John Daughenbaugh, Supervisor
106 W. Sycamore Street
Snow Shoe, PA 16874
Phone: 814-387-6000
Fax: 814-387-6250

James L. Schwartz, Supervisor
228 S Pennsylvania Ave
P.O. Box 579
Centre Hall, PA 16828
Phone: 814-364-1099
Fax: 814-364-1077
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Vernon Neubert

Vernon H Neubert

Friday, December 23rd, 1927 - Tuesday, March 3rd, 2020
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Vernon H. Neubert, 92, of Centre Hall, passed away on Tuesday, March 3, 2020 at his home.

Doctor Vernon Herbert Neubert was born near Cabot, Pennsylvania, on December 23, 1927, the son of Herbert and Anna Neubert. He attended Saint Luke’s Parochial School and had the same teacher, Mr. O. J. Nicol, for all eight grades in the one room school.

In Butler High School, he was class treasurer, editor-in-chief of the Magnet his senior year, and a June 1945 commencement speaker. There were five (or seven) speakers with none designated as Valedictorian or Salutatorian. He was a member of the Golden City baseball team and captain of its basketball team. Upon graduation from high school, he was awarded the Ritz scholarship, a state senatorial scholarship, a freshman scholarship to Thiel to study journalism, and a freshman scholarship to Carnegie Tech to study engineering.

He chose to study engineering at Carnegie Tech, finished his bachelor’s program in three calendar years, and was chosen Most Promising Senior Engineer in 1948. He was a treasurer of Beta Theta Pi social fraternity and sang in the Carnegie Tech Glee Club. He was elected to Theta Tau, Tau Beta Pi, Phil Kappa Phi, Omicron Delta Kappa and Sigma Xi honorary societies. He was awarded one of five national Tau Beta Pi Fellowships which financed his study for a master’s degree in civil engineering, completed at Carnegie Tech in 1949.

During his four years in high school he worked part-time as a laborer, first at the Saxonburg Potteries and later at the ARMCO steel plant in Butler. He continued part time at ARMCO after he started to college, but during his junior and senior years at Carnegie Tech he worked part-time as a steel construction engineer’s helper, climbing with the structural iron workers to measure and document locations of existing rivet holes or lay our new connections on structural steel work with Pittsburgh Industrial Engineering Corporation at 49th and Butler streets.

From 1949 to 1950, he was employed full time with PIE Corporation. In 1950 he married Lois Eileen Roudybush, who was a member of BHS class of 1947. The draft for World War II ended just after Vernon became 18, but he joined the Army Reserves in Pittsburgh and was called to duty in September 1950 shortly after his marriage to Lois Eileen Roudybush. He served two years as an Army lieutenant during the Korean War, from 1950 to 1952.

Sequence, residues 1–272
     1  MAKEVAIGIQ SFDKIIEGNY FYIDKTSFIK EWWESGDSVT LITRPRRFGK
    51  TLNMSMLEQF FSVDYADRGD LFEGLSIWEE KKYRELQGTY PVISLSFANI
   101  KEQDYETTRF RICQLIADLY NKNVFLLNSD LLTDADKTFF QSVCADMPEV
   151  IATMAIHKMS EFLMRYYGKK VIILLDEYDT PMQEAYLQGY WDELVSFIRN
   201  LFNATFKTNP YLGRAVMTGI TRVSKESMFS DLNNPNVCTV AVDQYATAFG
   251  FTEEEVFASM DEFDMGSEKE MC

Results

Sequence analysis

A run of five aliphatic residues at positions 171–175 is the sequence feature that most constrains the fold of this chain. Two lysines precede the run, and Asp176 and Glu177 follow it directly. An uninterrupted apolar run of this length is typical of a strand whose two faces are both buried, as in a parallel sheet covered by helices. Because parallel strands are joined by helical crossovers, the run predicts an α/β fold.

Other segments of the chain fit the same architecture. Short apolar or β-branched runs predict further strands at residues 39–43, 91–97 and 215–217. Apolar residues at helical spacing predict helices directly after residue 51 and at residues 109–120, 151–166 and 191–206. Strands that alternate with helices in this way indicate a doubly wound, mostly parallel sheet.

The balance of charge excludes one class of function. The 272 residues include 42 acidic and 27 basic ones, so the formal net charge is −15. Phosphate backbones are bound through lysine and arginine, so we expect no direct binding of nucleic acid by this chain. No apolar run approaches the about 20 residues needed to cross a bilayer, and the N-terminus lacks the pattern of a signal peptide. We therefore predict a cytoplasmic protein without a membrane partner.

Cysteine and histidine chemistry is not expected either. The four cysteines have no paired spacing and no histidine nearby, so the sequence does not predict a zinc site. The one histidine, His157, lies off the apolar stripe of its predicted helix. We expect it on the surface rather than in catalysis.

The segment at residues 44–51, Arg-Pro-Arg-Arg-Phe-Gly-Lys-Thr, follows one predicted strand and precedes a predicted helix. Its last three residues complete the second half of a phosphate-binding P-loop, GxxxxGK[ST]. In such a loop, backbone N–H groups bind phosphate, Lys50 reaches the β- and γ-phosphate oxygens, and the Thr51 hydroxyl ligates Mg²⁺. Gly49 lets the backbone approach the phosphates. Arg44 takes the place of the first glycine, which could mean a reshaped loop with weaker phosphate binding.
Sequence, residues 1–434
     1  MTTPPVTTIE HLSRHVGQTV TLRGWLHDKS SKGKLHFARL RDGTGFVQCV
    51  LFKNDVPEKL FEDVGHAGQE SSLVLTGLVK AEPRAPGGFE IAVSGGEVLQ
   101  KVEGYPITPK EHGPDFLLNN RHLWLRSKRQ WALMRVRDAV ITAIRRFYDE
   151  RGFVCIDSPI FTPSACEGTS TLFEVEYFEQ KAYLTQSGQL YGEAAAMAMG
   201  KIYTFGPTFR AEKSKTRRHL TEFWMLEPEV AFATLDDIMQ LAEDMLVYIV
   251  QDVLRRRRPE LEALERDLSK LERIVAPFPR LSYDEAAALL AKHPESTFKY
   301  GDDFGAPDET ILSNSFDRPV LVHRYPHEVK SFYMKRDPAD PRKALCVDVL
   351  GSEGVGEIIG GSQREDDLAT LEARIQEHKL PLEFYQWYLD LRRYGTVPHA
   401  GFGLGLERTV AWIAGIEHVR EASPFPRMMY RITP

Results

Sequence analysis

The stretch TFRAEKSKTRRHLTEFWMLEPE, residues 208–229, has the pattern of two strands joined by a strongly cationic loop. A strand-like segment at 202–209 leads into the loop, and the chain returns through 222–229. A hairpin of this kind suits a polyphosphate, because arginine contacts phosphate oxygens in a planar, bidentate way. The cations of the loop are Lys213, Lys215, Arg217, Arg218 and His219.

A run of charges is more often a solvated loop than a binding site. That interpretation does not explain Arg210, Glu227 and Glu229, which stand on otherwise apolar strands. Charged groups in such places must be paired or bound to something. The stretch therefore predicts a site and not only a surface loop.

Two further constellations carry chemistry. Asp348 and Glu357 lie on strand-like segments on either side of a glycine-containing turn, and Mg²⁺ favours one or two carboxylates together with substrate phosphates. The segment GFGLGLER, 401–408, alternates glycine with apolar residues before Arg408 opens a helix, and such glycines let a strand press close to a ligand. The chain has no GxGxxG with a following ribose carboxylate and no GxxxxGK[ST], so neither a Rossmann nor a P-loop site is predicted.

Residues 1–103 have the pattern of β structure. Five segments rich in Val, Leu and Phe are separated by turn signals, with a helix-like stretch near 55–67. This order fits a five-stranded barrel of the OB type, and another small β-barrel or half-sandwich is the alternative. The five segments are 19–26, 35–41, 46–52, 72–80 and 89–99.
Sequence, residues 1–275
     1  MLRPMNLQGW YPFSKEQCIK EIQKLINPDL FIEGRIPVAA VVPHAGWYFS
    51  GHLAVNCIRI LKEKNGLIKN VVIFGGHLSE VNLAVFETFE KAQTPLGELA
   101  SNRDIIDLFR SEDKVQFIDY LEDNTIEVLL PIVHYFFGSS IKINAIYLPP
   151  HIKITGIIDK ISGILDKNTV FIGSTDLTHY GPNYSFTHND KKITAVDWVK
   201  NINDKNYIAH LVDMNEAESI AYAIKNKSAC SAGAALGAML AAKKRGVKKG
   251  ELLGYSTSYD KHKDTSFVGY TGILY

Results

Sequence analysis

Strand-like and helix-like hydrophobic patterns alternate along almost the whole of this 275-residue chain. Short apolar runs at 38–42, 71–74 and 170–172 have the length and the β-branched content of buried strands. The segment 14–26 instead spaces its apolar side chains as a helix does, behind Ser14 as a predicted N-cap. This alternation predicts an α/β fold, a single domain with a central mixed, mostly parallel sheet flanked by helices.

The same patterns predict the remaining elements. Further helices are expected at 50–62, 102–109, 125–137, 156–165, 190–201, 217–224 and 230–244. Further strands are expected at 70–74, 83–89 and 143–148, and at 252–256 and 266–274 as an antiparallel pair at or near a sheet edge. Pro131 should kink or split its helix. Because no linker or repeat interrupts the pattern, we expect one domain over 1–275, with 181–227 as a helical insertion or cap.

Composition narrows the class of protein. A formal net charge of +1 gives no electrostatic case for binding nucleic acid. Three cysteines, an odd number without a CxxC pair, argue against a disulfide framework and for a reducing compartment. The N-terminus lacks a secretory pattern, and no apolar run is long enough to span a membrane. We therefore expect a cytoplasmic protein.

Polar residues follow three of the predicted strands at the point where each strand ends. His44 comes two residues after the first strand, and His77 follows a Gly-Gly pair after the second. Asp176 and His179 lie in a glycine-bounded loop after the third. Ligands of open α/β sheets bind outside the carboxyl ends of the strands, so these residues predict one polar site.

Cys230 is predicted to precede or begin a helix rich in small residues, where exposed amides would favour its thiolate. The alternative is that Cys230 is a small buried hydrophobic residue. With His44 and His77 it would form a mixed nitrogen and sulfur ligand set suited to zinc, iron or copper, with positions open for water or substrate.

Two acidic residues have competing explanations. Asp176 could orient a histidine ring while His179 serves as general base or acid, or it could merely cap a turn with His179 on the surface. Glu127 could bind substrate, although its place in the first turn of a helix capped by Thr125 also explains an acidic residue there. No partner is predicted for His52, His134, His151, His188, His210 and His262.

From 1952 to 1954, he was a research engineer at ALCOA’s research lab in New Kensington. He worked in equipment design and maintenance. He did a survey of the plant and laid out a true north line, by shooting the North Star, and put two pins on the northerly line in the lawn in front of the main lab. During this time he was elected to RESA, an industrial research version of Sigma Xi. He was also enrolled in the math department graduate program at Pitt and attended night classes for a year.

In 1954, he began full-time study as a graduate student at Yale University. He got help from the GI bill, from teaching part time at Yale, and by his wife working full time as a nurse at Grace New Haven Hospital. He taught engineering drawing and basic mechanics to Yale undergraduates. Vernon and his wife arranged their schedules so that one or the other would be home with their two young sons, Chris and Clay, who were born in 1951 and 1953, respectively. Vernon was awarded his doctor’s degree in engineering from Yale in 1957.

From 1957 to 1962, Dr. Neubert was a structural dynamicist in the Applied Mechanics Department at Electric Boat Division of General Dynamics. He contributed to the development of computer programs to solve shock and vibration problems for nuclear submarines. He was named Chief of Structural Mechanics (at the same organizational level as the Chief Naval Architect) and became head of the Applied Mechanics Section, supervising about 40 engineers and 30 technical aids. Besides doing shock and vibration analysis for submarines, his group carried out a stress analysis of the Unisphere which was the theme center for the 1964 New York World’s Fair and did an earthquake analysis for General Electric’s atomic power plant in Hanford, Washington. During this time, he also served as an evening lecturer for the University of Connecticut graduate program in New London, Connecticut, teaching vibrations and theory of elasticity classes. He was an elder and Sunday school teacher at the Lutheran church in New London. Daughters Kathy, Wendy and Marlene were born in 1957, 1959 and 1961, respectively.